Helping Parents Understand How Children Learn Number
Recently a parent of a kindergartener sent us an email expressing some concern that her child (Julie) was working with two digit numbers but hadn’t received any place value instruction. The parent was helping her daughter “answer” the lessons and she was concerned that DreamBox might have an instructional sequencing problem. This gave us a wonderful opportunity to put the parent at ease, help her understand how young children learn number concepts, and coach her on letting her daughter do the lessons herself.
Young children are like sponges, and it’s fascinating to watch as they soak up the world. They are in a “making sense time” of learning, meaning that first the learning is “mimicing”, then they develop relational understandings, and finally they own the learning because they can apply it in new situations.
However research shows us that this is not a linear model of learning. Learning is fragile in young children; they go in and out of this pathway before they get to consistent application and own the knowledge and skills.
This is especially true when it comes to developing mathematical understanding. DreamBox is an adaptive learning environment designed to support a child’s fragile learning path to knowledge and application. We begin the young child with developing number concepts and number sense. The big ideas for this step in Julie’s development are:
- Counting by telling how many things are in a set.
- Numbers are related to each other through a wide variety of relationships.
- Numbers have different values when connected to real objects and measure. For example, 5 elephants is a big amount, but five crayons is a small amount though the same number; 12 minutes is not much more than 10 minutes, but it is a lot more than 30 seconds.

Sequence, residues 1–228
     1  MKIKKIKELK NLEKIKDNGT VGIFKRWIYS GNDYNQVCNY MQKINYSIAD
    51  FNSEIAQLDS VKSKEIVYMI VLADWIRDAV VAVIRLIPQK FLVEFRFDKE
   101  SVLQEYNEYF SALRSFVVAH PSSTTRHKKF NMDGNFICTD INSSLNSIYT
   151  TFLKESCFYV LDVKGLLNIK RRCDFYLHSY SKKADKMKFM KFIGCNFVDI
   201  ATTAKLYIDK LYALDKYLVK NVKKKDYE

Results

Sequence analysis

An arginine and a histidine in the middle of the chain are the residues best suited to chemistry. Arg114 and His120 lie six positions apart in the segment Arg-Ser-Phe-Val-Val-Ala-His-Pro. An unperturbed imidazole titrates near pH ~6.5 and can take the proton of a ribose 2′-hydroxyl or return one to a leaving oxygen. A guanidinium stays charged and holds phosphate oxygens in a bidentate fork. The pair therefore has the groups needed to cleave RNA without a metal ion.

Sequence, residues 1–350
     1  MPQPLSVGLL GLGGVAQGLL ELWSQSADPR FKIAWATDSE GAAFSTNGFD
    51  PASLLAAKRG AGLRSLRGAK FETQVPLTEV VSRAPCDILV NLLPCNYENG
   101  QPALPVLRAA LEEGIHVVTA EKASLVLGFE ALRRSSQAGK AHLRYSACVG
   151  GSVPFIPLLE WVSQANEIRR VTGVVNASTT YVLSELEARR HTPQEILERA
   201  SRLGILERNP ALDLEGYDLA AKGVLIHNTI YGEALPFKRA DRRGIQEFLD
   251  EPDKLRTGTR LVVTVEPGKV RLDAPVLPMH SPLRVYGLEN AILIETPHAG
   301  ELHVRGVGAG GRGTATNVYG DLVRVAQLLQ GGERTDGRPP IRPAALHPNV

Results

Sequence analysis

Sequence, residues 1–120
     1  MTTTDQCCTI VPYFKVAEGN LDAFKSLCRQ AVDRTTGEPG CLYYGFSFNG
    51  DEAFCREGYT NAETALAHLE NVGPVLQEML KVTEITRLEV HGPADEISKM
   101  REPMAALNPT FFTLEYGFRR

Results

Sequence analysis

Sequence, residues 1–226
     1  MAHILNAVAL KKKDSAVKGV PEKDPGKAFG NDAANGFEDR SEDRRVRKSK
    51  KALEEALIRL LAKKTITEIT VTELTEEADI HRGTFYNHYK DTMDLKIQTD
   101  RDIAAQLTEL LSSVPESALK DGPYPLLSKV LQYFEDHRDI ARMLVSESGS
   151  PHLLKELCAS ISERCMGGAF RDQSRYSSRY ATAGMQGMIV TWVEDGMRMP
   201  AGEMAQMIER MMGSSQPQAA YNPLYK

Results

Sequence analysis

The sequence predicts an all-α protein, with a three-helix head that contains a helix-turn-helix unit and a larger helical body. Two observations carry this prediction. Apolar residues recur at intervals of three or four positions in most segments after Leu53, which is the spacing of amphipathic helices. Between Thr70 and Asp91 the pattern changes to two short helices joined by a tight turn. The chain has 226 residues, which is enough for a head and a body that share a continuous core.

Along with these big ideas, we want to help Julie develop number sense which means having a good intuition about number and their relationships. Number Sense develops gradually as a result of exploring numbers, and visualizing them in a variety of contexts.
Early counting starts with mimicing of the sequence. Then a young child learns to count understanding a one to one relationship, and develops ideas about quantities so they see the relationships of more, less and the same. This allows Julie to see numbers as “groups of” (as in counting by 2’s, 5’s and 10’s) and her counting starts to become more fluent and efficient.
This leads the child into what some refer to as the “pre-place-value relations with 10.” They count easily to 10, can group and count with ten, but they are not using place value and are really not ready for the “tens and ones” conversation other than to mimic what they hear. In this stage, we still want them to see larger numbers, to count them using one to one correspondence, to identify where they fit on a number line, and to count them using groupings like 5s and 10s (like the mathrack example you mentioned); but for the child, the understanding is not at a readiness for place value.
So when you see DreamBox using larger numbers, this is what is happening. For us as adults who do have place value knowledge, it seems like place value is being taught and that place value would make it easier to answer the questions but this is not the case. With this in mind let me go to how DreamBox sets up the learning path for Julie and how that learning path can get interrupted.
With each click of the mouse DreamBox is subtly adapting Julie’s learning path based on her answer and her strategy to get to that answer. DreamBox knows that a young child’s learning is fragile so there is a very deliberate back and forth going on. We don’t want to push Julie beyond the point of her understanding but rather challenge the edges of her understanding so she moves along at her own pace. If a parent coaches the child so she gets a right answer or uses a more efficient strategy, DreamBox responds not knowing that the child didn’t really understand what was presented to her.
We adjusted Julie’s learning path to a more appropriate level for her. Julie’s mom to going to encourage her to spend time on DreamBox, acknowledge her efforts, and talk to her about her “adventure” and what she learned today.
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